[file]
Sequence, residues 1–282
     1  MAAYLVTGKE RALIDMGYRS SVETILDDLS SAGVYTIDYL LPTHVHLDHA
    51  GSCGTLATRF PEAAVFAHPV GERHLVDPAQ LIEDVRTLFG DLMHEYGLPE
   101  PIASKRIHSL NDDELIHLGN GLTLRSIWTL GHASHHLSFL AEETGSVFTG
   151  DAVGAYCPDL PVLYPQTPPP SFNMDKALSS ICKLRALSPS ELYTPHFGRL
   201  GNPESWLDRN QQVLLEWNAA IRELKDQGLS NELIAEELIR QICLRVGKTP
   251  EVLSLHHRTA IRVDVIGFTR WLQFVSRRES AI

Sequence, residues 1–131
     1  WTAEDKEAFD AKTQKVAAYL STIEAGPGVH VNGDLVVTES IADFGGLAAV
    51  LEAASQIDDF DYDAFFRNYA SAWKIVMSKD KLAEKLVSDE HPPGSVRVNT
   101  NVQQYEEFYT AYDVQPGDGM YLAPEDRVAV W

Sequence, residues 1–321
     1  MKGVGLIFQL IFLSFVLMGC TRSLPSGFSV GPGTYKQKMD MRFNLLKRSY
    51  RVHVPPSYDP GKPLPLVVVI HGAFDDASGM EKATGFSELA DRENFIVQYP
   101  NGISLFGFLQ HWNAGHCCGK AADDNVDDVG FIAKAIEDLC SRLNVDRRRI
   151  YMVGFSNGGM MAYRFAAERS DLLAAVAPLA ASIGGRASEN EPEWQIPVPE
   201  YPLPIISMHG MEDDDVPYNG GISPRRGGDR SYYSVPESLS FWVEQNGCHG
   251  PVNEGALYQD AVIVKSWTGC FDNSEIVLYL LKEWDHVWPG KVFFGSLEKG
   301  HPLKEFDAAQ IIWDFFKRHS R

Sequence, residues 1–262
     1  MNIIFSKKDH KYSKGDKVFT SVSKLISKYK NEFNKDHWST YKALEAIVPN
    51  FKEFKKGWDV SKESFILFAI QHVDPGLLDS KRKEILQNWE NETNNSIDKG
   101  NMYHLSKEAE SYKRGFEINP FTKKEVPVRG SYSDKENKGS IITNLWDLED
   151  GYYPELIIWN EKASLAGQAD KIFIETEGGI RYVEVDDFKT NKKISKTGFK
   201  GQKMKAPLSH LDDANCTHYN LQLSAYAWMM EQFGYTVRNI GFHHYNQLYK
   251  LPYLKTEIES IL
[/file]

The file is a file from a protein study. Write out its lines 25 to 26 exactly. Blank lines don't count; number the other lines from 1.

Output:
   201  GQKMKAPLSH LDDANCTHYN LQLSAYAWMM EQFGYTVRNI GFHHYNQLYK
   251  LPYLKTEIES IL